The biggest companies in the UK are suffering from a collective pension deficit of £73 billion according to research by consultancy firm Pension Capital Strategies (PCS).
BT, British Airways and Invensys – famous companies which chart in the FTSE 100 – are contending with pension liabilities that are more than double their market value, saddling them with a huge burden of debt. The PCS said: “there has been a noticeable growth in the number of FTSE 100 companies where the pension scheme now represents a material risk to the business. Ten FTSE 100 companies have total disclosed pension liabilities greater than their equity market value”.
The research showed that BT is suffering from a £43 billion debt – the largest pension liability sum recorded in the last 12 months.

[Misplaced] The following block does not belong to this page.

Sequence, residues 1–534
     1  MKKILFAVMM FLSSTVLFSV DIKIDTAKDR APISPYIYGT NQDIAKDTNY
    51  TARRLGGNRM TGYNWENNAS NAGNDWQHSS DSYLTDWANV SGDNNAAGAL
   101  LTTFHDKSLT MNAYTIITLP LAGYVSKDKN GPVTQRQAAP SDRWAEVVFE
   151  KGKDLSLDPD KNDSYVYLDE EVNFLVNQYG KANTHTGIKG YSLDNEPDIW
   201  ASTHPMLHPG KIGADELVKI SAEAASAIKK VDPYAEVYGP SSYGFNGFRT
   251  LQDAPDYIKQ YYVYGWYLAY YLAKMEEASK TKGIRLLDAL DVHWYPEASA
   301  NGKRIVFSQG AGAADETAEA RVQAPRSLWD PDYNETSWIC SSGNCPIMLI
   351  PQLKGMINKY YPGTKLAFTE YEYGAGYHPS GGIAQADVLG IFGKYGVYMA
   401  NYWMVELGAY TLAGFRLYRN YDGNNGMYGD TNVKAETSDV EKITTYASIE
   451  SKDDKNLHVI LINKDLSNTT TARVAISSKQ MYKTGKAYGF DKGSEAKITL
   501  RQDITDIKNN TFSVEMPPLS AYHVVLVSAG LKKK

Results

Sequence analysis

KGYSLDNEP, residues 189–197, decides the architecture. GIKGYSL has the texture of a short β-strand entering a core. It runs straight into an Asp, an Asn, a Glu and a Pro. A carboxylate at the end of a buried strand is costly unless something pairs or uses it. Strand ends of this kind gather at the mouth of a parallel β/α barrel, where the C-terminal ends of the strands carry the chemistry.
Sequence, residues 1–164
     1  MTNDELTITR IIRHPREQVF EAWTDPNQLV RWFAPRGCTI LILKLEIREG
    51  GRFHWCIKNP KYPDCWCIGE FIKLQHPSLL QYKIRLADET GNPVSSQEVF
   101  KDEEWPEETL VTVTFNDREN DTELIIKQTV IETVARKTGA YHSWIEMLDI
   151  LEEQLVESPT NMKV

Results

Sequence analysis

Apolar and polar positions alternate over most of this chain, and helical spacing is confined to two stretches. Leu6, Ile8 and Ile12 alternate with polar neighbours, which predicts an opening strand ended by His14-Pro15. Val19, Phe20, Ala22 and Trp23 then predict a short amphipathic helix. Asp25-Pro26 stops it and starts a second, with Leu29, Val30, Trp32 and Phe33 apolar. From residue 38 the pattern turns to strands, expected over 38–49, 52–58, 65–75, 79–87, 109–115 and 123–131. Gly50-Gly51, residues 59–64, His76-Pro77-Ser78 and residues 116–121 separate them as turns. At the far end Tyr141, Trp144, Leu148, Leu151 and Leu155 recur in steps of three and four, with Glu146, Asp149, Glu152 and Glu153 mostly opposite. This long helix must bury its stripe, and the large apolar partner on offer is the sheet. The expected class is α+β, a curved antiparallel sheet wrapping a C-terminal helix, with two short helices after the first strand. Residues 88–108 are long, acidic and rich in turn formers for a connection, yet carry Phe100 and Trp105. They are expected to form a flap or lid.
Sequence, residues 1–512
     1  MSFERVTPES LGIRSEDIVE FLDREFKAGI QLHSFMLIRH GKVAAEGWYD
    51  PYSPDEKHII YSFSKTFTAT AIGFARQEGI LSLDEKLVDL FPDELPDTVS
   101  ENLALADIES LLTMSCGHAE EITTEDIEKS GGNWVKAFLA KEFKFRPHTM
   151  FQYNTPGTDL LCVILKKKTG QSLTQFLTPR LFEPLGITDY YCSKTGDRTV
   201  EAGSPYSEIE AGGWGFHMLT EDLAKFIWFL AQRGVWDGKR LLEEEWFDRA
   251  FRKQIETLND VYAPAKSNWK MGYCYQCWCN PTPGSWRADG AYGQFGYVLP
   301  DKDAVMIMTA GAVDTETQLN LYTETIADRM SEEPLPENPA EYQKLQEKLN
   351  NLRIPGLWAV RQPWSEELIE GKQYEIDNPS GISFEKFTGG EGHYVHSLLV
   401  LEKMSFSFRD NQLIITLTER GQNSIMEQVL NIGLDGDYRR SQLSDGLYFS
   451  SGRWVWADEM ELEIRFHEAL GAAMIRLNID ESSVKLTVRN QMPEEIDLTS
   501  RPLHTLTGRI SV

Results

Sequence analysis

These shortfalls mean that many companies have to find extra capital to ensure they can pay their employees on retirement. A rise in life expectancy, which increases the demands on pension funds, together with the whopping deficit troubles are acting as a double hit to pension payment plans.
A similar report by actuaries firm Mercer said: “FTSE 100 company pension schemes have increased their longevity assumptions for their pensioners for the fourth consecutive year. On average, scheme members aged 45 are now expected to live nearly two years longer from retirement than a member currently aged 65”.
However, the PCS figures also showed a £17 billion improvement on last year’s statistics signalling that some firms are choosing to use their spare cash to fund pension deficits. Royal Dutch Shell contributed a massive sum of over £2.7 billion and five companies were able to disclose a pension surplus.